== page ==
Like President Kennedy before him, President Carter has reclaimed the "Resolute Desk" for his use in the Oval Office. He may not know it, but the massive piece of furniture is an incongruous memento of a particularly controversial - and humiliating - episode in British naval history.
The desk, six feet long and four feet wide, was built from the oak timbers of the 400-ton sailing barque Resolute , icebound and abandoned 123 years ago in a futile search for the Arctic explorer Sir John Franklin.
The story - heroic, tragic and in the end anticlimactic - began in May 1845 when Franklin, by then almost 60 and venerated for earlier exploits in the North, took two naval ships into the Arctic in another of his attempts to discover the long-sought Northwest Passage. Sailing on a course that no one in the Admiralty had expected him to choose, he was lured by unusually good weather deep into a hitherto unknown channel where his ships became hopelessly imprisoned in the ice. He died, of causes unknown, in 1847 and that same year the officers and men, almost certainly near death from scurvy, abandoned the ships and sought to march and sledge southward toward the northern verge of Canada. They all perished en route.
By 1848, with no news of the expedition since it had touched on Greenland three years before, the Admiralty mounted one of the most extensive, expensive, perverse, ill-starred and abundantly written-about manhunts in history. Before it ended, more than 20 ships, including some Americans ones, were dispatched on the quest. News of the fate of Franklin and his men was not obtained until late in 1854; it was not until five years later that some of the bodies were found.
In the last and largest of the rescue attempts, four ships were sent into Lancaster Sound and Barrow Strait in 1852. One was the Resolute , her figurehead a polar bear. Her achievements fell short of success, to be sure, but they were more outstanding than any of the others'. One of her sledge parties mushed across 200 miles of ice and back to rescue another search ship's crew, starving and scurvy-ridden, in the most dramatic such enterprise in the annals of the Arctic. Another accomplished one of the longest man-hauled sledge journeys in history, 1,336 statue miles at an average of 18 1&2 miles a day.
The four-ship flotilla was under the command of Captain Sir Edward Belcher, chosen for the purpose, it would seem, by the Admiralty's hydrographer, Sir Francis Beaufort, who was acting, in effect, as chief of staff for the rescue campaigns. The choice was an incredible one, Beaufort's most mistaken in his 25 years in office. Belcher was one of the Hydrographic Office's most brilliant marine surveyors, a magnificent seaman and, in between surveying expeditions, a gifted diplomat and a brave and skillful fighting officer. But he was cursed with a horrible disposition. He made life a living hell for the officers of almost every ship he commanded, usually bringing one or two of them home under arrest or charged with court-martial offenses. The files of the Hydrographic Office are stiff with letters and memoranda about his dreadful behavior. Furthermore, he had had noe experience in polar waters.
To place him in command of ships that would necessarily be icebound for eight or nine months of every year they were in the Arctic, where the maintenance of hifh morale and good spirits was absolutely essential, was an act of idiocy. But because of his superb record as seaman and surveyor, he became one of Beaufort's favorites.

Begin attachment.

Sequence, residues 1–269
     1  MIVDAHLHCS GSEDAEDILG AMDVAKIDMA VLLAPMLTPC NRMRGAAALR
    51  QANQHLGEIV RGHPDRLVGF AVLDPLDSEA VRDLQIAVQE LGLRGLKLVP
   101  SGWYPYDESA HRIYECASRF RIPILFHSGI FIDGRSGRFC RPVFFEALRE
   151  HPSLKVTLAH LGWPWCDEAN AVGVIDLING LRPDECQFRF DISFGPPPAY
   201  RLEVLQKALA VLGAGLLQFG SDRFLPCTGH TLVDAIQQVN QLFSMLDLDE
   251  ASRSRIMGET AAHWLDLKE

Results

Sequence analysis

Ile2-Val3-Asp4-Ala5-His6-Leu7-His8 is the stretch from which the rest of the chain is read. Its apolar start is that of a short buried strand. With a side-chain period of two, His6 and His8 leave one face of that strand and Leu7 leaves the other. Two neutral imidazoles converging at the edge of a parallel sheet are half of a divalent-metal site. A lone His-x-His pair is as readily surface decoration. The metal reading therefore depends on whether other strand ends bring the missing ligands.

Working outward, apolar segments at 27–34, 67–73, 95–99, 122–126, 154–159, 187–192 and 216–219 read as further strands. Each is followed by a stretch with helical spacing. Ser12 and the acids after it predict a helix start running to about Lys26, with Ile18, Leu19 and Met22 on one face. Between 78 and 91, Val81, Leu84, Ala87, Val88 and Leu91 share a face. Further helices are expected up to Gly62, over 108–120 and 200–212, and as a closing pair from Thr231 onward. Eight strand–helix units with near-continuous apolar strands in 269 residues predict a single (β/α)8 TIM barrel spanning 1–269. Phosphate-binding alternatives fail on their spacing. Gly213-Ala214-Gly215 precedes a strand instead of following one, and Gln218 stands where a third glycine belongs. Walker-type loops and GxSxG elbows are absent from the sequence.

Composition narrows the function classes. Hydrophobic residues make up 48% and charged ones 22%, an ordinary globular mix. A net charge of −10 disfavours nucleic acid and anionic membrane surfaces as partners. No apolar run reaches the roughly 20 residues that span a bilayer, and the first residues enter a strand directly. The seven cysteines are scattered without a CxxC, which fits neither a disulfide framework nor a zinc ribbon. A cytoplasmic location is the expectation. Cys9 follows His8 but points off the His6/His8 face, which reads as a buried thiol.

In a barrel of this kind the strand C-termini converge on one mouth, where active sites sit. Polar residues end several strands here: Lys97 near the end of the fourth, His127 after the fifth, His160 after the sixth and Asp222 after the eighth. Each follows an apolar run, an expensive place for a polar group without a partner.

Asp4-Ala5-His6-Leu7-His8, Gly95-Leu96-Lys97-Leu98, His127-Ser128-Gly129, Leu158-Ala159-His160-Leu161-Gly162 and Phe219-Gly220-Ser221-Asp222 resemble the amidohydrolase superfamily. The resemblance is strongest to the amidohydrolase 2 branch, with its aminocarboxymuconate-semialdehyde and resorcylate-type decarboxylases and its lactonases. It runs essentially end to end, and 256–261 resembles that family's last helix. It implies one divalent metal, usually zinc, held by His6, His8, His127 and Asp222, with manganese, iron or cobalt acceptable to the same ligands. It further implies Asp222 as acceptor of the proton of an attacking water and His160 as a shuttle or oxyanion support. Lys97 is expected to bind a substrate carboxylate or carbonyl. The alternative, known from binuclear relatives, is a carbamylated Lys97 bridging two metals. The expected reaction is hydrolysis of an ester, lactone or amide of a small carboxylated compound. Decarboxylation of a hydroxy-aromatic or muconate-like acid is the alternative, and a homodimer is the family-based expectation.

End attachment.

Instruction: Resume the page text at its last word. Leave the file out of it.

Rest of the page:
By 1854, two years out, all four rescue ships were icebound. Belcher ordered them abandoned and the crews brought home, after sledge journeys to the east, by relief vessels. For that decision he was bitterly reviled, but it was at least arguable. The ships had spent two winters in the Arctic already, and it was clear that Franklin and his men had long since perished; the search for them had become something of a farce. On the other hand, the ships were subjected to no more hazards than were normal for the Arctic, a supply line had been opened to Britain, and the vessels could probably work their way out of the ice by next summer.
On his return Belcher faced a court martial, automatic when ships are lost. He was given what was deemed a "bare acquittal," on grounds of the board permissiveness of his orders, but his sword was returned to him in icy silence, and he was never given another command. Two officers, one arrested and the other facing charges, were promptly cleared and promoted.
But Belcher's worst humiliation was yet to come. The next summer, in 1855, the Resolute , which had been meticulously secured, caulked and in effect "sealed" before she was abandoned, somehow freed herself from the ice and, unmanned, was miraculously drifted by wind and current for something like 500 miles through Barrow Strait and Lancaster Sound into Baffin Bay. There, on Sept. 10, she was picked up by Captain James Huddington of the American whaler George Henry and carried back to New London, Conn.The Congress of the United States thereupon purchased her for $40,000 and sent her back to the Admiralty - whether as an act of generosity done in good faith or as a sly bit of Yankee upstaging it is impossible to determine at this late date.
Queen Victoria must have assumed the first motive: When the Resolute was broken up in 1879 she caused a desk to be made of the timbers and presented it to President Rutherford B. Hayes. It was used in the President's office until 1952, when a White House restoration relegated it to the broadcast room on the ground floor. Jacqueline Kennedy is said to have spotted it in 1961 and restored it to the Oval Office. Subsequently, it was banished again, in being handed over to the Smithsonian Institution, which made it part of last year's Bicentennial exhibits. Now it is once again back in its place of honor.